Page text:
The gatehouses for some of the routes have some very basic souvenirs for sale, like interesting maps (also available in hotels and in town), and woven patches that many hikers like to sew on to their packs.
What to buy: If you're a patch fan, keep your eyes open at the beginning of your walk: if the gatehouse stocks the patches, consider buying them immediately, even before your ascent, since, as we discovered, supplies can be intermittent and there were none at the descent exit. They can sometimes be found in the local towns, but the prices at the National Park were good and the money goes straight to them.
What to buy: You will see plenty wooden products in most shops you go to. However, ebony carvings are usually covered in black boot polish to make them look shinier so make sure you ask for them to be unpolished, most decent shops have realised this is a problem and will have the same item in unpolished format.
New Map of the Kilimanjaro National Park is a two sided fold out map that is published by Maco Editions and sold all over northern Tanzania. You can buy this at the Marangu Gate for $5-$7 and about $10 in Moshi or Arusha.
What to buy: This is one of the best maps of Kili I have come by.
One side has a topo map of the summit night ascent along all trekking routes on Kili and the other side has a general Kilimanjaro map highlighting the various routes up to Kibo and beautiful coloration w/legends that depict the various zones on Kili.
I found this map highly useful in identifying the various glaciers on Kibo.
Machame and Marangu routes are given particular attention on this map, with day-by-day distance/altitude information included.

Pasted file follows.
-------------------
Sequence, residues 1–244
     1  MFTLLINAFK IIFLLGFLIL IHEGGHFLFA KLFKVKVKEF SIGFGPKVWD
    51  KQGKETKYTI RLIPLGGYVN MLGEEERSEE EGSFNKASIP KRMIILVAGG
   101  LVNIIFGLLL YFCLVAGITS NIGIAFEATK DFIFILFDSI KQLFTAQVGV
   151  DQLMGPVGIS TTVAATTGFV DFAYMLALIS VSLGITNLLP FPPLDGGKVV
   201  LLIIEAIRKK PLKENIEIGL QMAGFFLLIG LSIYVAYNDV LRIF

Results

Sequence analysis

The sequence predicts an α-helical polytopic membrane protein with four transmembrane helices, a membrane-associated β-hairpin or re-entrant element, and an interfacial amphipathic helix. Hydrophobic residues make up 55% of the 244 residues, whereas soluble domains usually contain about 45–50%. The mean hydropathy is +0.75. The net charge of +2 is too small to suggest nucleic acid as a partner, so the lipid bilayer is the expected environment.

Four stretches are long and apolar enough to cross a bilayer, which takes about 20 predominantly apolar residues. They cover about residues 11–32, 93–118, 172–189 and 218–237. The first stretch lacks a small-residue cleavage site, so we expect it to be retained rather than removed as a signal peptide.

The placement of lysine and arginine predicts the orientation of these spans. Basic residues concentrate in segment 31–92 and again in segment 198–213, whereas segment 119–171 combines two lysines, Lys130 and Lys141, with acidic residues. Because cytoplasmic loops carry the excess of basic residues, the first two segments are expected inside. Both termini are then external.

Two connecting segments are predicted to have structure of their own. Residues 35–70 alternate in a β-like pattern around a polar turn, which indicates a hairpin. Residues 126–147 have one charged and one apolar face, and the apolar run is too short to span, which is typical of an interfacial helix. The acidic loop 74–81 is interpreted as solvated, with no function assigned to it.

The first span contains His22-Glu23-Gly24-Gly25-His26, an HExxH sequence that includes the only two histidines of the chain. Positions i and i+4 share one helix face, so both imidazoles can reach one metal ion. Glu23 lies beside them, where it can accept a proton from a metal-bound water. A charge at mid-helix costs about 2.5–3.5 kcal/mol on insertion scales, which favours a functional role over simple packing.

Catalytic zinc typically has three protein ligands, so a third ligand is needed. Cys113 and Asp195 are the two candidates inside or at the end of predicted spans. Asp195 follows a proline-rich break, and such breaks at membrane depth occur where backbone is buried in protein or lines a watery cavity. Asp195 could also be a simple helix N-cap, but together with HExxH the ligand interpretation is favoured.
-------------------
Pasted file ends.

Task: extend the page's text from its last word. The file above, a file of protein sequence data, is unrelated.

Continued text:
The map also has some useful information about weather, vegetation, flora and fauna and general hiking info for Kili.
I thought the map made a great Kili keepsake and bought it at the Springlands Hotel in Moshi gift shop for $10.
I recently found out that these maps are also available outside Tanzania (see url below for retailers carrying this map).
What to pay: $5-$10 depending on where you purchase it
Above the parking area, to the left of the toilets and sign in desk, there's a small covered hut that doubles as a bar and store of some sort.
This place sells cheap sodas and beer. We paid $1 for a beer and $0.50 for a coca cola. They even carry the delicious local ginger drink - Tangawizi. It's marketed by Coca Cola and means "ginger" in Swahili.
I have to warn you that none of the drinks were anywhere near cold. But am sure that probably wont put you off! A long swig of anything is all I cared about at this point!
What to buy: Beer and Soda
Done with the trek and in seek of that warm shower to cleanse yourself of the mountain dust, you walk towards your transport to take u back to civilization after a week or so on the mountain.....Well, they attack you in large numbers holding up all sorts of local crafts from wooden candleholders to elephant hair bangles. Tired as you may be, it's wise to spend a few minutes haggling and purchase a few souveneirs here. They are the cheapest your money will buy.....
I bought a wonderfully painted batik cloth and paid $2 for it. Everywhere else on the trip, I couldnt haggle the price down to less than $10 because other tourists were willing to pay this "cheapest" price!
What to buy: Local crafts
What to pay: Haggle till you drop. Offer to barter a T-shirt or cap if you can afford to do without it (worked like a charm for us!)